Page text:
Another Look at the “Humane” Alternative

Thousands of wild animals call our city home. Sometimes we don’t think about our wild neighbours until there is a problem: a squabble over who gets the garden vegetables, or an uninvited tenant taking up residence in the roof. While wildlife are only trying to meet their basic food and shelter needs, these conflicts can be very frustrating for homeowners.

So why not trap the animals and move them somewhere else?

Contrary to popular belief, live-trapping an animal and relocating it is not a good way to solve the problem. While trapping may seem like a humane option, it often ends in a death sentence for the animal and leaves your property vulnerable to ongoing wildlife conflicts. Here’s why:

There’s no place like home

Many people think that a wild animal can survive anywhere. You may even think that moving an animal from an urban backyard to a ravine, park, or forest will help them, since these spaces seem more “natural.” But the truth is, most animals have specific home ranges where they are adapted to living.

An urban animal may have a home range of only a few city blocks. Within that range they learn where to find food, water, and shelter, and how to stay safe. An animal that’s spent its whole life living in a garden shed and foraging in green bins isn’t going to stand a chance suddenly transported to a conservation area. Not to mention that there are probably already other animals living in the new territory who won’t be too happy about having a new neighbour.

Trapping an animal and moving it to a new, unfamiliar location – even one that looks nice to us – is stressful and bewildering. Relocated wildlife almost never survive more than a month or two in their new environment.

Babies get left behind

Most wildlife conflicts happen in the spring and summer, when mothers are looking for shelter and extra food to raise their babies. These babies are quietly awaiting their mother’s return in attic nests or backyard burrows. When a mother is trapped and moved, dependent babies are left behind. Without their mother, they will die.

Toronto Wildlife Centre receives hundreds of calls a year about baby raccoons, squirrels, and other wild animals who have been “orphaned” because someone trapped and relocated a “nuisance” animal. Sadly, we don’t have the resources to take care of all of them, and many are turned away.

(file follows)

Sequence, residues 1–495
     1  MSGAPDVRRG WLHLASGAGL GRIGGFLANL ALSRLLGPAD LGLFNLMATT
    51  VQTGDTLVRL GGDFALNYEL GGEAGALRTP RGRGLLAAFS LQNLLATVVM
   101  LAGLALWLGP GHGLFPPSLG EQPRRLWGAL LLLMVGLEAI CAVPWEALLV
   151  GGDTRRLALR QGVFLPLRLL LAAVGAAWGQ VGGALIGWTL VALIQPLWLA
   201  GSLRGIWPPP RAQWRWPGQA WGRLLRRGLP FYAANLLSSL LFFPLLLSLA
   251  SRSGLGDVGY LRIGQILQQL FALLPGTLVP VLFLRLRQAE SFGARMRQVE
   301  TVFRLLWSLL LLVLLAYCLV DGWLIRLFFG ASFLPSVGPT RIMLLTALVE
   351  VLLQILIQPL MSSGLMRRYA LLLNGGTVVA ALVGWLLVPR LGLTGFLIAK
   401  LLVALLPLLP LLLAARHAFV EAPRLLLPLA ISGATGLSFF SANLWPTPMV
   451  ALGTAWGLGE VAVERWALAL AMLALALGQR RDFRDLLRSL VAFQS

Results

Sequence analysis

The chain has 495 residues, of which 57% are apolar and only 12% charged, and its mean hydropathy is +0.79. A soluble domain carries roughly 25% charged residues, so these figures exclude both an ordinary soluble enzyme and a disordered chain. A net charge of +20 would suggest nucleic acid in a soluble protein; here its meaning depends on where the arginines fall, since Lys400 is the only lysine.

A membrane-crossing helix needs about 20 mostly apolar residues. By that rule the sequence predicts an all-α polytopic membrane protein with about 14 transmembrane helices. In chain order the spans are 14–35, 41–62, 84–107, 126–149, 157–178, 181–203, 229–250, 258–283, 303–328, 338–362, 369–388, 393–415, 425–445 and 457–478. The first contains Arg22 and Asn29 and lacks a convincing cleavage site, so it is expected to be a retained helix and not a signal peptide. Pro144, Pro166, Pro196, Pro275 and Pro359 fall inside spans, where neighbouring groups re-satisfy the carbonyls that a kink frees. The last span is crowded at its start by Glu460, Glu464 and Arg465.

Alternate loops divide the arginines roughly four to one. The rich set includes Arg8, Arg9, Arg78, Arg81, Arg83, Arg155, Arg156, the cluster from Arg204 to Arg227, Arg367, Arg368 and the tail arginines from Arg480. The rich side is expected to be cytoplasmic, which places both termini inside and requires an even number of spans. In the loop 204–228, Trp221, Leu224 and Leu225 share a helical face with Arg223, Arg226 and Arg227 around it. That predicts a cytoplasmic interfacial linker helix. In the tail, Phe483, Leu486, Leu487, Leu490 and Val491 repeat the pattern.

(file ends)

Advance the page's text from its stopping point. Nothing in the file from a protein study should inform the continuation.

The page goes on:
Trapping and relocating a mother with her babies also doesn’t work. Because of the stress and terror caused by relocation, faced with an unfamiliar territory with no way to find food or shelter, the animal will almost always abandon her babies at the new site.

Short-term fixes don’t work

There are no empty spaces in nature. If you get rid of one animsl, it won’t be long until another one finds that cozy den in your roof or delicious meal in your garden. More likely, you will do a lot of unnecessary work or pay a lot of money to an animal removal company with no long term results.

In fact, removing wildlife can sometimes even backfire and make the situation worse. Research has shown that animals with multiple births (including raccoons, squirrels, skunks, and coyotes) will have larger litters in areas where there has been a lot of trapping in previous years since there is still plenty of food and shelter. New babies simply fill the gap left by the ones that have been trapped and relocated.

Conflicts with wildlife are best dealt with individually: what is the animal doing that’s bothering you, why is it doing it, and how do we get it to stop?

Learn more about how to humanely handle wildlife conflict situations

Thanks to the generous support of Ontario Power Generation, Toronto Wildlife Centre is working to educate people about biodiversity and wildlife issues.

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